high mass consumption. The model asserted that all countries exist
somewhere on this linear spectrum, and climb upward through each stage
in the development process:
Traditional Society: This stage is characterized by a subsistent,
agricultural based economy, with intensive labor and low levels of trading,
and a population that does not have a scientific perspective on the world
and technology.
Preconditions to Take-off: Here, a society begins to develop
manufacturing, and a more national/international, as opposed to regional,
Take-off: Rostow describes this stage as a short period of intensive
growth, in which industrialization begins to occur, and workers and
institutions become concentrated around a new industry.
Drive to Maturity: This stage takes place over a long period of time, as
standards of living rise, use of technology increases, and the national
economy grows and diversifies.
Age of High Mass Consumption: At the time of writing, Rostow
Rostow’s Stages of Economic Growth and Development 13/09/2018, 7+54 Page 3 of 5
believed that Western countries, most notably the United States, occupied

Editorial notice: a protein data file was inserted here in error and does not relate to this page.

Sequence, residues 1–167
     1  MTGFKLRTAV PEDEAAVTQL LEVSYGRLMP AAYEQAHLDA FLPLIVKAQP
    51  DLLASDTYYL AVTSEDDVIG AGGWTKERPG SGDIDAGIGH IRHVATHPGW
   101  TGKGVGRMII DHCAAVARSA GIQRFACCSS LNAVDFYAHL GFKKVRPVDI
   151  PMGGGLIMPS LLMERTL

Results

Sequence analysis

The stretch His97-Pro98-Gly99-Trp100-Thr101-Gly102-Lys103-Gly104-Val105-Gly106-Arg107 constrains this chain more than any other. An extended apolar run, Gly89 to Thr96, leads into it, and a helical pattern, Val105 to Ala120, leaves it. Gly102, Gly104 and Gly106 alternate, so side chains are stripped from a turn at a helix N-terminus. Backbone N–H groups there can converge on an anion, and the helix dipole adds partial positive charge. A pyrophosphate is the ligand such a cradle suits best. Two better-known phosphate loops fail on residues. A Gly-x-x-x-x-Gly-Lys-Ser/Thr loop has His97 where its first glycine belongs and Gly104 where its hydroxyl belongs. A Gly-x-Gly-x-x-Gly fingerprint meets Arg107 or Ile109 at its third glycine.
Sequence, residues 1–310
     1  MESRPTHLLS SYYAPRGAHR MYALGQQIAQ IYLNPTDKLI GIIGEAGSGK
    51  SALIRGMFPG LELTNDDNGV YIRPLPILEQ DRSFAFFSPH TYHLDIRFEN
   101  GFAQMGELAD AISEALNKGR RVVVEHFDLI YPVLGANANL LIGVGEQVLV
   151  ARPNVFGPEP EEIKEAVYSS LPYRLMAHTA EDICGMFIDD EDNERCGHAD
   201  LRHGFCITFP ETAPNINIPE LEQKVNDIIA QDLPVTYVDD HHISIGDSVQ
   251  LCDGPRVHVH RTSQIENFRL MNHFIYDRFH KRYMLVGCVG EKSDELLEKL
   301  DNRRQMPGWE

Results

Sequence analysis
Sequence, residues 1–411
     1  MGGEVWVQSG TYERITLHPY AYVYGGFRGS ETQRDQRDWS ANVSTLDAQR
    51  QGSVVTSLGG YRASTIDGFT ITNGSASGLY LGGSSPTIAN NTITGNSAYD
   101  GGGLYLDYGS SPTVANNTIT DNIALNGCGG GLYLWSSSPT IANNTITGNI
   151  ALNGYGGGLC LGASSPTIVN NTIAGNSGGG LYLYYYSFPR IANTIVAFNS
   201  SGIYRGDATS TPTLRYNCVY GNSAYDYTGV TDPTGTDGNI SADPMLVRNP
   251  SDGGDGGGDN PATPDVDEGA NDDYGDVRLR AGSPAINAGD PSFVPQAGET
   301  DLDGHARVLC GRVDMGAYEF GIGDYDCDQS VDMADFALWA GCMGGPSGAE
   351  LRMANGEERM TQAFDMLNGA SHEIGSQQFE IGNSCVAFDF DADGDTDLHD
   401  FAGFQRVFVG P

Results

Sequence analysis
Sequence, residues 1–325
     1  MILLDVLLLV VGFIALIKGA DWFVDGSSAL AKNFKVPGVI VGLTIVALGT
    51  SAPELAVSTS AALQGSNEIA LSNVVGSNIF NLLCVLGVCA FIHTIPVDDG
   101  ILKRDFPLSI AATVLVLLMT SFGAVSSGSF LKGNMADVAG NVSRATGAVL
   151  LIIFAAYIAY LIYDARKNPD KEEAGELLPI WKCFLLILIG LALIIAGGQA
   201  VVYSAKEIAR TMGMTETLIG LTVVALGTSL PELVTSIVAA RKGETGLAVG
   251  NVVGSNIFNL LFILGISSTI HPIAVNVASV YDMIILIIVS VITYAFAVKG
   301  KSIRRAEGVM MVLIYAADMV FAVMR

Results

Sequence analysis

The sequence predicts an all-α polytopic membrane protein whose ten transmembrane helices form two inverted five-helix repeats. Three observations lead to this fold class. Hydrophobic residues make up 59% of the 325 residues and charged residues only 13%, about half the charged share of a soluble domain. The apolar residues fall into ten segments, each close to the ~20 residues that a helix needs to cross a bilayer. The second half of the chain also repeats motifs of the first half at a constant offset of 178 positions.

this last “developed” stage. Here, a country’s economy flourishes in a
capitalist system, characterized by mass production and consumerism.
Rostow’s Model in Context
Rostow’s Stages of Growth model is one of the most influential
development theories of the twentieth century. It was, however, also
grounded in the historical and political context in which he wrote. “Stages
of Economic Growth” was published in 1960, at the height of the Cold War,
and with the subtitle “A Non-Communist Manifesto,” it was overtly
political. Rostow was fiercely anti-communist and right-wing; he modeled
his theory after western capitalist countries, which had industrialized and
urbanized. As a staff member in President John F. Kennedy’s
administration, Rostow promoted his development model as part of U.S.